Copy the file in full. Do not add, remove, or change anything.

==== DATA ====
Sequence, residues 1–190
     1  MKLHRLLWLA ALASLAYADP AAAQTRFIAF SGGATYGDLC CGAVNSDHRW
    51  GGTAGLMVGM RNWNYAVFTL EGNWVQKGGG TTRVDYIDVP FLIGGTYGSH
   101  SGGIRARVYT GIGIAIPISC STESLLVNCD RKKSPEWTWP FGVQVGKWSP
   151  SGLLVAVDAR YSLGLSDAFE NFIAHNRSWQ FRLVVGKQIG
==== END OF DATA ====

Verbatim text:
Sequence, residues 1–190
     1  MKLHRLLWLA ALASLAYADP AAAQTRFIAF SGGATYGDLC CGAVNSDHRW
    51  GGTAGLMVGM RNWNYAVFTL EGNWVQKGGG TTRVDYIDVP FLIGGTYGSH
   101  SGGIRARVYT GIGIAIPISC STESLLVNCD RKKSPEWTWP FGVQVGKWSP
   151  SGLLVAVDAR YSLGLSDAFE NFIAHNRSWQ FRLVVGKQIG